TRAVEL

Pipa Escalante/KUCB

Citing a nationwide pilot shortage, PenAir is reducing its flights to St. Paul Island and Dillingham.

Starting Oct. 1, the airline will fly between St. Paul and Anchorage three times per week instead of four — and between Dillingham and Anchorage two times per day instead of three.

"PenAir initiated a strong recruitment campaign several months ago and continue to hire and train as quickly and safely as possible," said company officials in a written statement. "We are confident we will be able to resume our schedule once our crew numbers permit."

Chrissy Roes

One of southwest Alaska's largest airlines will soon be up for sale.

A federal judge has ordered PenAir be auctioned off this October — more than a year after the company filed for bankruptcy protection.

The carrier is promising residents of the Aleutian and Pribilof Islands that their only connection to Anchorage won't just vanish.

The Seybert family founded Alaska-grown PenAir in 1955, and they still own it today.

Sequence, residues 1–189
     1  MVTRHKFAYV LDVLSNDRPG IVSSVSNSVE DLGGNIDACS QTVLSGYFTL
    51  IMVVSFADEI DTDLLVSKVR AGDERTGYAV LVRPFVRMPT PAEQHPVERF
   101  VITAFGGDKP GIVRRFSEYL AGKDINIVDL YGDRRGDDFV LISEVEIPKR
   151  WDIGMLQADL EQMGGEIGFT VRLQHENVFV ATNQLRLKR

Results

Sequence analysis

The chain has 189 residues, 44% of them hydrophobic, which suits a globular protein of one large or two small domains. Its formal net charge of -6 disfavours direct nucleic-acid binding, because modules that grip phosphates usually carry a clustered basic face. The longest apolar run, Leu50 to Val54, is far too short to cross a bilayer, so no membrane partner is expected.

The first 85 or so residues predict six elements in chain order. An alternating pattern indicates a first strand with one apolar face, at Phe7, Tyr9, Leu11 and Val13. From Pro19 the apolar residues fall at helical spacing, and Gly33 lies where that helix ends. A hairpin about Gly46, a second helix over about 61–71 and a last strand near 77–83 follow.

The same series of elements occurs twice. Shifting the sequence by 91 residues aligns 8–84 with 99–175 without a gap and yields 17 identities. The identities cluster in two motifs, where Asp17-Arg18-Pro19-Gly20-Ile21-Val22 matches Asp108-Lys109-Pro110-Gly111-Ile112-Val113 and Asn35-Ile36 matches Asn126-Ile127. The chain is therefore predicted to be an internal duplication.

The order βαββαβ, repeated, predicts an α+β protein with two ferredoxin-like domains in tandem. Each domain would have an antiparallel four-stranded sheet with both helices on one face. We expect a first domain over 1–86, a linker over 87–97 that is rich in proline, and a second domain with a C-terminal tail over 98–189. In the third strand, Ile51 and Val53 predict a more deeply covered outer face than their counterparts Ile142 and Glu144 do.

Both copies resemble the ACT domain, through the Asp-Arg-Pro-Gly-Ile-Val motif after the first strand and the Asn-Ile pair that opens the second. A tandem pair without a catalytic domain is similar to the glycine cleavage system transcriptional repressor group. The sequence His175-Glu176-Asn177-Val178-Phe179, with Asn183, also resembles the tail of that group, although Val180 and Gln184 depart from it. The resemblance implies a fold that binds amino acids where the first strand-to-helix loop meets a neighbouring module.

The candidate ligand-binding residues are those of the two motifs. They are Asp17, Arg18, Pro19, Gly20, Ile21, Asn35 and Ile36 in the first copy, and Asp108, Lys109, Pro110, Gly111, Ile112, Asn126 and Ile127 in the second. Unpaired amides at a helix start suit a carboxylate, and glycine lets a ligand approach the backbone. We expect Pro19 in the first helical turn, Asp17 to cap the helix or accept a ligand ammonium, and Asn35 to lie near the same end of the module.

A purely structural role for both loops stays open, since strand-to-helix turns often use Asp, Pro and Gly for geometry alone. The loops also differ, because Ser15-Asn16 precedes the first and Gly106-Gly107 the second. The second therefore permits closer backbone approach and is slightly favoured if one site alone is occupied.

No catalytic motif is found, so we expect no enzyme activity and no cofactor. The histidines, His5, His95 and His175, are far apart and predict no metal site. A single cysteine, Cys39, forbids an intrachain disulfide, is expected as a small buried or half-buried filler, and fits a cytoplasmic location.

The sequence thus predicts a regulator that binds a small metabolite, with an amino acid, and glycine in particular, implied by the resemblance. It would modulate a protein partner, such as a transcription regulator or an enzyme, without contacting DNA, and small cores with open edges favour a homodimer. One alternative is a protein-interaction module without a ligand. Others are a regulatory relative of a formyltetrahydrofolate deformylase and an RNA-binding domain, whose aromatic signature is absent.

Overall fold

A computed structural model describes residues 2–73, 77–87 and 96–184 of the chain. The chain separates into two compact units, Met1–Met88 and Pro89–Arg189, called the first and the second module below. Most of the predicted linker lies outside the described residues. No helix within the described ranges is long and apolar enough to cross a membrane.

The company includes 430 employees, 10 airplanes, and eight routes across Bristol Bay, the Alaska Peninsula, and the Aleutian chain.

Pipa Escalante/KUCB

After filing for bankruptcy protection last summer, PenAir has been ordered to sell off its assets to avoid a shutdown.

A federal judge has scheduled the auction for early October, following an emergency motion by the trustee appointed to oversee the airline's bankruptcy proceedings.

In the motion filed Wednesday, Trustee Gerard McHale argued for the "expedited sale schedule" in light of PenAir's "quickly deteriorating cash position."

PenAir

 

PenAir has canceled all flights to the Pribilof Islands for the rest of the month.

In a letter to community leaders, PenAir's Murphy Forner, senior vice president of ground operation and business development, wrote that the airline needs to conduct maintenance on its aircraft.

Forner said PenAir has already reached out to customers and made "other arrangements" for them.

Laura Kraegel/KUCB

Unalaska’s DMV reopened this week after almost two months.

The Division of Motor Vehicles closed when its only agent went on personal leave.

Now, Acting Director Jennifer Shockley said the Department of Public Safety has trained another staff member.

"We'll be able to do IDs, vehicle registrations, and Class D drivers licenses — both written testing and road testing," she said. 

For the time being, the DMV won’t offer road tests for motorcyclists or drivers of commercial vehicles, because the new agent hasn’t received that training yet.

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